From the Archive: Titles Gone Rogue with The Iconoclast's Journal and Biblioasis' ReSet Series

May 2, 2018 by Terry Griggs

Award-winning author Terry Griggs and the team from Biblioasis ask in today's From the Archive, "what's in a name?" In the case of Griggs' The Iconoclast's Journal, it can result in some serious mis-shelving: the former title, Rogues' Wedding, had wound up in the romance section more than once. They talk about saving the book in its gorgeous new Biblioasis ReSet edition (as well as what ReSet is), below.

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A Note from Biblioasis: 

Biblioasis is delighted to bring Terry Griggs’  The Iconoclast’s Journal back into print via ReSet Editions, a series that gathers together overlooked Canadian classics in attractive new volumes. The Iconoclast’s Journal follows the madcap adventures of Griffith Smolders, who, when his wedding-night preparations are interrupted by a close encounter with a ball of lightning, jumps from his hotel window and flees across the Victorian Ontario countryside—with Avice, his bride in hot pursuit. Initially published as Rogues’ Wedding by Random House Canada in 2002, we’re excited to put The Iconoclast’s Journal into the hands of its readers. Here Terry Griggs talks about the experience of publishing—and republishing—a novel.

 

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Terry Griggs:

rogueswedding

In the stories we tell ourselves about ourselves we can edit with wild abandon if we so wish, but it’s a rare opportunity to tinker with something that, while it originated with us, we’ve set free to roam the world on its own. Like a book! Or, more specifically in this case, the title of a book. Text can change somewhat with re-publication—a correction here, a tightening there—and titles can differ from country to country, but the name you christen the damn thing with tends to adhere to the cover as if applied with crazy glue.  If a little crazy yourself in the lead-up to publication, you might, like a besotted parent, only realize later that your darling may not be nominally well-defended against misinterpretation. Not that I’ve encountered any literary bullies, but my novel, Rogues’ Wedding, which has been defined as an anti-romance, did occasionally find itself shelved with the romantic fiction. Even when not, it’s hard to picture any male, no matter how literary himself, having reached for it without wincing. Or reaching at all.

This story does have a romantic angle, however, because a knight-in-shining-armour, the valiant Dan Wells of Biblioasis, appeared on the horizon one day with an offer to re-publish the novel, and hey, no problem with changing the title back to its manuscript moniker: The Iconoclast’s Journal. I did rue the loss of that title, but the publisher didn’t like it and a list of alternatives — all perfectly wrong — were drawn up. The "rogue" of the selected title fit well enough, especially if one thinks of the word’s etymology, which has to do with wandering and vagrancy, rather than what your standard rogue of love-lit might get up to when encountering a heaving bosom. (My character, Grif, would run away.) And weddings can be entertainingly comic — lots of potential for disaster and an endlessly rich source of human folly. So Rogues’ Wedding won out . . . yet didn’t seem right. Not only was that apostrophe a trouble-maker, drifting into the singular in reviews, but my spurned title continued to lurk in the margins like an aggrieved ex. Turns out it was the real rogue.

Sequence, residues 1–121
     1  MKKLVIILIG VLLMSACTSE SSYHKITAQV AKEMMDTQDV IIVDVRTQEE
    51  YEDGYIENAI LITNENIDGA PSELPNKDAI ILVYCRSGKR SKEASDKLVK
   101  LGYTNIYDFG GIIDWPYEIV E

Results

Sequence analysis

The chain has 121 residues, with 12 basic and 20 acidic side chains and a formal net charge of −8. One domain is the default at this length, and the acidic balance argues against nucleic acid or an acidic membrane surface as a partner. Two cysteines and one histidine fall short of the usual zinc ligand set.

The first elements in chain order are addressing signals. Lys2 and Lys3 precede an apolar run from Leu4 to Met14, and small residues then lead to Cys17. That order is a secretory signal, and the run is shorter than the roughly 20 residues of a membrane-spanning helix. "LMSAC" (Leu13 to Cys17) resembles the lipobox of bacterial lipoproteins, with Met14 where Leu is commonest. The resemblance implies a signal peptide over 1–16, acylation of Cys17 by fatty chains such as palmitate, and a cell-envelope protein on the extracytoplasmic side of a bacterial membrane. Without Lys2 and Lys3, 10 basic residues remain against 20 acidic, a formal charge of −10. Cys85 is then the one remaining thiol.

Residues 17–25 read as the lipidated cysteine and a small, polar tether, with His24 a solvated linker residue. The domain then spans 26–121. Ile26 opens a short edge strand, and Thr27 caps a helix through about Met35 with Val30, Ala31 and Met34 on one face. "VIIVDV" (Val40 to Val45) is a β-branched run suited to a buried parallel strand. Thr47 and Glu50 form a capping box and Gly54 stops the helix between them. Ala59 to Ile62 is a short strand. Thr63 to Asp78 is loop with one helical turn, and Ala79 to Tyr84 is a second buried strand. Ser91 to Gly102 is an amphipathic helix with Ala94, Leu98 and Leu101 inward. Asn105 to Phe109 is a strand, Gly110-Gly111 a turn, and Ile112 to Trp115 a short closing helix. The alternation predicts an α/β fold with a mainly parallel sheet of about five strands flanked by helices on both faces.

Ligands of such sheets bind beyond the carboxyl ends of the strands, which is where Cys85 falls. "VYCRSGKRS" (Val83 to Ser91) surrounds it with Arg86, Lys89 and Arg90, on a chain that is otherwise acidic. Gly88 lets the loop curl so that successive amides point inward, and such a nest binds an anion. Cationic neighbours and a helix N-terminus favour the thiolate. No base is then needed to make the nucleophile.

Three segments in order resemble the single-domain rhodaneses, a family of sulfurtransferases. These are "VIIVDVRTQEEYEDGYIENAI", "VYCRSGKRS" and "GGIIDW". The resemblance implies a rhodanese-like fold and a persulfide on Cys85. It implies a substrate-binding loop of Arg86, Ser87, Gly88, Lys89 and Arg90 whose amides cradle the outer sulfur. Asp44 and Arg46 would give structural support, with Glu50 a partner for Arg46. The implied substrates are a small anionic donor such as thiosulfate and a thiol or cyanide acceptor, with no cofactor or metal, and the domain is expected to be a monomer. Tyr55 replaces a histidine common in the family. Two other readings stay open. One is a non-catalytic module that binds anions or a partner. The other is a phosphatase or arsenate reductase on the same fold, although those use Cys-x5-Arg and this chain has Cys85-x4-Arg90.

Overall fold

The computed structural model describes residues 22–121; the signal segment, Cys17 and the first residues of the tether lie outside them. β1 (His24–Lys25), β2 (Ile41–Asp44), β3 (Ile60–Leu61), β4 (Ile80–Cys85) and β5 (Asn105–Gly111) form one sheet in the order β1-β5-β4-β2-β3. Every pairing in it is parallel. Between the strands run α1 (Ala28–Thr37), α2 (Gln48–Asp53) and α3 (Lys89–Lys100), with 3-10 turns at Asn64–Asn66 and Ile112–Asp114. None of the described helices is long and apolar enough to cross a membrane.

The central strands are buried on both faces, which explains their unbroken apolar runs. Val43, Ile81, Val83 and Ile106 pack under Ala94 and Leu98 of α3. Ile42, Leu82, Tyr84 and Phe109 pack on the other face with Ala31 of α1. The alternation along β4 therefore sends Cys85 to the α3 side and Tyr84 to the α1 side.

Iconoclast'sJournal

But why, beyond my own mini-obsession, go to the trouble of reclaiming it and possibly annoying a reader who may have purchased the original book and now finds themselves stuck with the very same one? Oh, well, because it’s my party . . . but mainly because iconoclasm is central to it. Faith-breaking on many levels, personal, spiritual, societal. The title also refers to an actual journal kept by a "professional" iconoclast, which, refashioned by your thieving author, becomes a significant touchstone for each of my reprobate characters. 

And why republish the book at all? Other than being set in a turbulent time not unlike our own, giving it a kind of spooky relevance, I have to say that I lucked-out. Those sands of time do drift with astonishing dispatch over most books. I could barely remember the novel myself, until Dan, now donning an Indiana Jones hat, plucked it out of the biblio-desert, dusted if off, and placed it in his ReSet series, a trove of valued and enduring literary works.

 

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Our great thanks to Terry Griggs for letting us in on her party (we laughed and laughed at "because it's my party") and to Vanessa and the Biblioasis team for sharing their ReSet series, something after our own From the Archive hearts. The Iconoclast's Journal is available June 12 – request a release reminder from us!


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